A story about how I became free of this question
It’s also a story of how one of the most powerful things anyone ever said to me came out of my mouth.
It was a piece of advice I gave a friend, except I’m the one who’s never forgotten it, and it happened about a decade ago. We’d known each other for a while, through another mutual friend, but we’d never really talked by ourselves. But then I was travelling by bus down south and she showed up at the park, going my way. And when you’re on a ten hour road trip with someone who turns out to be fun to talk to — well, you talk.
And did we talk.
We talked about everything. And as in most such conversations, writing came up.
Like me, she too wrote. Not as often as I already did then, but every now and then, she would put something down. Like me too (and probably every person who’s ever tried to make any kind of art), she struggled with self-doubt. But she also struggled with something I knew too well, something like, but a little more than self-doubt.
“I don’t feel like there’s anything left for me to say. Like, hasn’t it all been said already, and said better?”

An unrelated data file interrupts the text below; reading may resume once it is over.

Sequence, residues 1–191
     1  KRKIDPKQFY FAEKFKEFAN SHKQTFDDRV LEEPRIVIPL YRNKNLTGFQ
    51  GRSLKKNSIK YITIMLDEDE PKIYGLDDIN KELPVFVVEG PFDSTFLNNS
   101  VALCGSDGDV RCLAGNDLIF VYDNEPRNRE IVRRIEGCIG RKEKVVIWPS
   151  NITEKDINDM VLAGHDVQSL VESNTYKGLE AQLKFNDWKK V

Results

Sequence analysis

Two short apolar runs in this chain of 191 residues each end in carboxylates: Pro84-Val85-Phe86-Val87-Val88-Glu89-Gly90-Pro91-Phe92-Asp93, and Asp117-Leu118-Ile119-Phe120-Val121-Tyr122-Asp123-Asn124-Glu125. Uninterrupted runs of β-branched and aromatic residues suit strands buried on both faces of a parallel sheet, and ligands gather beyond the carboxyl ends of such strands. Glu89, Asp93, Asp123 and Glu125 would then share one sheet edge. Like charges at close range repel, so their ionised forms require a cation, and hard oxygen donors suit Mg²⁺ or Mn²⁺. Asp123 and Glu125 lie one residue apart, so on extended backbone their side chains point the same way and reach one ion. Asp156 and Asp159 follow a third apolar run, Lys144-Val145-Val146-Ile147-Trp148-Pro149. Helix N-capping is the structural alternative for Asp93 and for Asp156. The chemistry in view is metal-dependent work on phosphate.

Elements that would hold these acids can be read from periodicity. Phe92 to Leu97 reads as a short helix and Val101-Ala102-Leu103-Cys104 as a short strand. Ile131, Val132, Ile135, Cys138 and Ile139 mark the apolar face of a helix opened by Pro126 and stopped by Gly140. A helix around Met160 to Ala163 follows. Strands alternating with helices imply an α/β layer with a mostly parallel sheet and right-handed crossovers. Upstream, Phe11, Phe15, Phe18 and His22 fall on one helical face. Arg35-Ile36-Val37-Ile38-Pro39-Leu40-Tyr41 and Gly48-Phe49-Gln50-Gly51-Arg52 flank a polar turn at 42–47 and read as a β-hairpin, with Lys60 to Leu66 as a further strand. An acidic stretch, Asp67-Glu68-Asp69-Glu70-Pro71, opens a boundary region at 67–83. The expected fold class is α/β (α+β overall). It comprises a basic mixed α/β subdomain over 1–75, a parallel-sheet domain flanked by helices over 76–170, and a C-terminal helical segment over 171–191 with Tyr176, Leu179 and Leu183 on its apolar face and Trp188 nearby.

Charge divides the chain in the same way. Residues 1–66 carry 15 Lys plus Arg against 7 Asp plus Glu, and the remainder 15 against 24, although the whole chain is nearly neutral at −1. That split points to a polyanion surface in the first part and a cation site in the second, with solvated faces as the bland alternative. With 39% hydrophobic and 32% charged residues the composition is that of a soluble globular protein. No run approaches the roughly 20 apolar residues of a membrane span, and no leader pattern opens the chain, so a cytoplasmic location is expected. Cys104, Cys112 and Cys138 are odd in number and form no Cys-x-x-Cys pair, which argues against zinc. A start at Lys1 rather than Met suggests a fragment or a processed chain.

You know the feeling too, don’t you? Like you’re in an ocean, only you’re not even a drop in it, you’re the microscopic plankton, and not even the sea creature that eats you up will be aware of your existence.
Try making anything when you feel that way.
But then, even though I’d often struggled with feeling the same way — or maybe precisely because I had — I felt compelled to say something to counter it. I guess I already knew, even then, that the feeling was death to any creating.
What I said to her was something I didn’t know I knew until I said it. You know what I mean? If I hadn’t said it, I wouldn’t have known I knew it. And although I didn’t realise it then, this fact was itself a proof of the truth of what I said to my friend — and, really, to myself.
And what I said was this:
Maybe whatever you will say with your art has already been said. But it’s never been said the way you would say it.
And maybe someone out there needs to hear it said just that way, and if you don’t say it, they never will.
And that, to this day, is why I write.
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